The UK’s consumer lending scene is slowly but surely diversifying.
Until fairly recently, variety within the consumer P2P market was rather dwarfed in comparison to the range of different platform structures on show within the alternative business funding sector. But Zopa, RateSetter, Lending Works and Funding Secure have now been joined in the Liberum AltFi Volume Index UK (LAVI) by a new entrant in the form of Lendable. The platform – which recently crossed the LAVI entry threshold (cumulative origination volume equal to 0.1% of cumulative LAVI origination to date) – branches away from the typical P2P consumer lending structure.
Lendable has lent £4.1m to date, £3.2m of which has been matched in 2015 alone. The platform brings a fresh credit model to this so far fairly risk-averse segment of the alternative finance space. Lendable’s target borrowers occupy a slightly higher tract on the risk curve than the typical customers of, say, a Zopa or a RateSetter. Lendable Founder and CEO Martin Kissinger describes these borrowers as “near-prime”.
Lendable loans are funded by a blend of high net worth individuals and institutional investors. Mr. Kissinger sees numerous advantages to this approach. We sat down with the Lendable boss to learn more about the nascent platform.
How much has Lendable lent to date and how is the portfolio performing?
Lendable has lent over £4M since July 2014, and is growing fast - we are about to reach £1M in monthly volume in June. Across our six risk grades, our recent origination generates an average 14% return to our investors before losses, and based on current performance, we expect to achieve around 10% net annual return for investors.
Since most of our origination is in the mid-risk segment, our loans are typically smaller than those of prime-only lenders - around £3,000 average, compared to Zopa’s £8,000. That means our portfolio is more granular and we have a bigger sample size at any given volume.
Why have you chosen to focus on select high net worth/institutional investors, as opposed to retail investors?
There are a few reasons for this, in two areas.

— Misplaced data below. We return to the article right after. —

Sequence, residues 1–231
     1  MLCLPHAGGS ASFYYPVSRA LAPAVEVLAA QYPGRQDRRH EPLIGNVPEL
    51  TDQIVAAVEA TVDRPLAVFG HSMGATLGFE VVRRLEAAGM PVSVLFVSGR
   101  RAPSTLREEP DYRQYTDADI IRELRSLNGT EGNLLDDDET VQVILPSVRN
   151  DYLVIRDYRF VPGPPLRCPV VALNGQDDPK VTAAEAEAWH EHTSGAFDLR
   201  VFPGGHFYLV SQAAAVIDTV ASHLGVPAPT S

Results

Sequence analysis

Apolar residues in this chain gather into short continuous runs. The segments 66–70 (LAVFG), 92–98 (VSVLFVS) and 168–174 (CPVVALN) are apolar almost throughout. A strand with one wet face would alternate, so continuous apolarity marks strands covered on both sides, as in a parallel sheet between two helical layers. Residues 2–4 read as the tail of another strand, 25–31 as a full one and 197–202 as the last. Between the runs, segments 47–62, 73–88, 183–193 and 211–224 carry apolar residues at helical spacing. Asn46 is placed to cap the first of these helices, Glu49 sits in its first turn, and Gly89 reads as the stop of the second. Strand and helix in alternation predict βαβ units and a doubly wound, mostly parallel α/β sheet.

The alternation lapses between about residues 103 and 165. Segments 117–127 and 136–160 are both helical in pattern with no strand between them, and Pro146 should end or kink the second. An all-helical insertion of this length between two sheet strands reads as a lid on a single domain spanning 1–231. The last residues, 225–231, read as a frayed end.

The first is that we see clear demand for a product catering to sophisticated investors, which differs from that of traditional P2P platforms.
Our lenders can access higher-yielding consumer credit assets, which are not necessarily right for the retail market. We also simplify their onboarding process: “lenders in the way of business”, such as funds and corporates, do not need FCA authorisation as a consumer credit firm to invest on Lendable.
The second is around our own operational efficiency: it is easier to support a few larger investors than thousands of individuals, and we can pass on this efficiency in the form of higher returns.
It also lets us be more transparent. When a smaller number of sophisticated investors commit larger tickets, it allows us to give them deeper insight into our technology and underwriting. That way, they can make a better-informed decision about investing on Lendable.
In general, having higher-risk borrowers is not a problem as long as that risk is priced correctly, making sure that any loans written are affordable to the borrower. Going further, I believe that compared to the competitive prime lending space, where you compete with the banks, the near-prime segment offers better risk-adjusted returns.
At the same time, our loans are distinctly different from subprime loans, and our underwriting remains rigorous across our entire lending spectrum: all our borrowers have verified, stable income, and none of them have significantly impaired credit histories or show signs of financial stress.
Experience helps as well. The head of our risk committee, Mark Gunton, was previously Chief Risk Officer of HSBC North America, and profitably managed one of the largest unsecured consumer credit portfolios through the last cycle, covering the whole risk spectrum from prime to subprime.
Finally, I think that all else being equal, we can attract better borrowers, by building the best customer experience and removing friction from the application process.
And finally, generally speaking, how difficult is it for an early stage entrant to carve out a niche within the UK P2P space?
I can’t speak for the space in general, but we saw an interesting gap among consumer lending platforms, and I suspect the same may be true when one looks more closely at the various asset classes.
In Lendable's case, I think we have built a compelling proposition in a large market, both for investors (higher yields, stronger margins of safety, easy onboarding for funds) and for borrowers (instant decisions and personalised rates for more people, with simple and fair terms).
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